Using Barcodes as Race Timing Chips
Whilst there are many conventional ways to use a barcode, a sports organisation in the UK has found a less conventional use – race timings. Parkrun in the UK are an organisation sponsored by a number of sports outlets, set up to run free weekly Saturday morning 5k runs in local parks to encourage participation in sports in the UK. Anyone can turn up, the runs require no booking onto and unlike most other organised runs they are free for people to participate in. However, in keeping these events low-key and free, the use of fancy timing gates and timing chips each week is out of the question. Instead, to allow runners to keep track of their race times and to encourage people to keep running to improve their times they have established a timing system which employs clever use of barcodes.
The way this works is that each individual wishing to attend a parkrun simply logs their details onto the parkrun website and prints off their unique barcode to take with them to the event. At the event all runners are set off together at which point the timer is started. There are rarely more than about 300 runners at a parkrun event. Those who are keen to get an exact time make sure to start at the very front of the pack! All runners keep their barcode on them whilst they run and at the finish line one of the volunteers running the event stands with a digital stopwatch logging each finishing time as runners pass the finish point. As the finish point is crossed, runners are filtered into a queue in order of finish position and handed their position number with a barcode on it. The finish position barcode and the individual’s barcode printed off their computer are then scanned one after the other to log the corresponding finish time to the correct runner’s details. Because runners finish the 5k in anything from 15 minutes up to 50 minutes, runners trickle through this process making it a very efficient way to log runners times without the need to expensive timing equipment. The parkrun team then upload the results to the parkrun website for runners to check later that day.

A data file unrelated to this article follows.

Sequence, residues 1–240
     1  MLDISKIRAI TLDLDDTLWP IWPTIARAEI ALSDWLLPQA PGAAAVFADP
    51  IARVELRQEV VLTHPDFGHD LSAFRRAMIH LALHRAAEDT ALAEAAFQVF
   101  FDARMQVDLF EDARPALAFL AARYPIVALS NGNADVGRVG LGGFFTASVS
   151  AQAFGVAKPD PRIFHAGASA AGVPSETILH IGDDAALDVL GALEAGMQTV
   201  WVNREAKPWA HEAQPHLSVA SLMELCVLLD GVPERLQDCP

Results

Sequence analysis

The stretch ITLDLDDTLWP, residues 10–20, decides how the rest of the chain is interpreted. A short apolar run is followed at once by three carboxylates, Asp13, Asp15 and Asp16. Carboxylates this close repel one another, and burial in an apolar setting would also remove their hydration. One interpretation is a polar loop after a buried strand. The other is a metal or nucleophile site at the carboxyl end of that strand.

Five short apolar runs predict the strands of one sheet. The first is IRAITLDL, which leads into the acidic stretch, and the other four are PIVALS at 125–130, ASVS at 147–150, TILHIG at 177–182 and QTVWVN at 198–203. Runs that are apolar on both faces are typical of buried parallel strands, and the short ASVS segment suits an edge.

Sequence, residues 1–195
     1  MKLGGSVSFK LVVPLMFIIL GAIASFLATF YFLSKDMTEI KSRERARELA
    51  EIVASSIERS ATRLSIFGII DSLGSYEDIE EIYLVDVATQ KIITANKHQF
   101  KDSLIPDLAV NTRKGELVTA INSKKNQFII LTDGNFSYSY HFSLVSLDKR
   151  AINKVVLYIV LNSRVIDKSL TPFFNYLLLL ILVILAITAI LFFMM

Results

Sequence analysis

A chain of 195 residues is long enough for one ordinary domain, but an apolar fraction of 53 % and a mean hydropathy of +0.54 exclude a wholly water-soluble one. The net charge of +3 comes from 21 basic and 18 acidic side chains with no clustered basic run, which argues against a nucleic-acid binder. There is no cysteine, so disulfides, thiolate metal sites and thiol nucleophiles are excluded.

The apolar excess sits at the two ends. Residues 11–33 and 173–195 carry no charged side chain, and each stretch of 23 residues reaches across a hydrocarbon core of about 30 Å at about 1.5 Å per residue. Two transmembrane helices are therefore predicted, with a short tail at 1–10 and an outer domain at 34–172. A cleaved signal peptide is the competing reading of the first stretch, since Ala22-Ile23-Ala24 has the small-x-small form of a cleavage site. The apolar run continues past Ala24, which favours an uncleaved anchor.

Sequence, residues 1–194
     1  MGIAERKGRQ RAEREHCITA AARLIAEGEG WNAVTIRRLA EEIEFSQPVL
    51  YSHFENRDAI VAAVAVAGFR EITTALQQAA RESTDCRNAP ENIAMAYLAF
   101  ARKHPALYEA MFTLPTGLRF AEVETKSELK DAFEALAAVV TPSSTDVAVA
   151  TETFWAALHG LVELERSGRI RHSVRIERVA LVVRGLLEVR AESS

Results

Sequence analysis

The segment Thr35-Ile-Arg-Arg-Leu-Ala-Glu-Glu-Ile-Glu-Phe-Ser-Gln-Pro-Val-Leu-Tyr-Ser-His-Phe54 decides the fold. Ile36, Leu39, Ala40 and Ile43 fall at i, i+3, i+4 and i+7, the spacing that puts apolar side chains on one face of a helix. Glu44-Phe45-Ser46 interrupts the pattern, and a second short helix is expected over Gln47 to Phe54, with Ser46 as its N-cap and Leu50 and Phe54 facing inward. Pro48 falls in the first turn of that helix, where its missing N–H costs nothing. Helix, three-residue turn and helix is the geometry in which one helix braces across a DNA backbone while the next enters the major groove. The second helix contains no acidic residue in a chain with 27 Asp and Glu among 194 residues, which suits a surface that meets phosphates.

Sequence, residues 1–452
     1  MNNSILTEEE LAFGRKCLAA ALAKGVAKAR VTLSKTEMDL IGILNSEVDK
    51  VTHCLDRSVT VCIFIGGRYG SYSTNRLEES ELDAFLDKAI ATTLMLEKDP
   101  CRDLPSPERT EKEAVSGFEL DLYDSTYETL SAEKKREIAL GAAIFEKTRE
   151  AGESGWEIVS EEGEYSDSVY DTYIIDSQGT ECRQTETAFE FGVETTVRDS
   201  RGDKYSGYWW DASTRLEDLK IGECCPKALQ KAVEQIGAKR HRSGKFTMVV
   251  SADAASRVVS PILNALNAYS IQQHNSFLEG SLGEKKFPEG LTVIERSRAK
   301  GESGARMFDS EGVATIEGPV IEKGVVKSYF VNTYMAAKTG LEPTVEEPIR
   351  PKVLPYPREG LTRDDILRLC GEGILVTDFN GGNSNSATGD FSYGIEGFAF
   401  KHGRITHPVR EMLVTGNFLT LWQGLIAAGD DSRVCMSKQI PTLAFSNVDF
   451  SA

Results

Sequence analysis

Once runners are assigned a barcode, they keep the same barcode for subsequent runs and can print new copies of it (many get theirs laminated in case of wet weather!). This innovative use of barcode technology is allowing parkrun to keep it free, giving many first time runners from all walks of life the opportunity to attend a running event such as this and encouraging many new runners. What a great use of these stripy little codes!
For more information on parkuns go to http://www.parkrun.org.uk/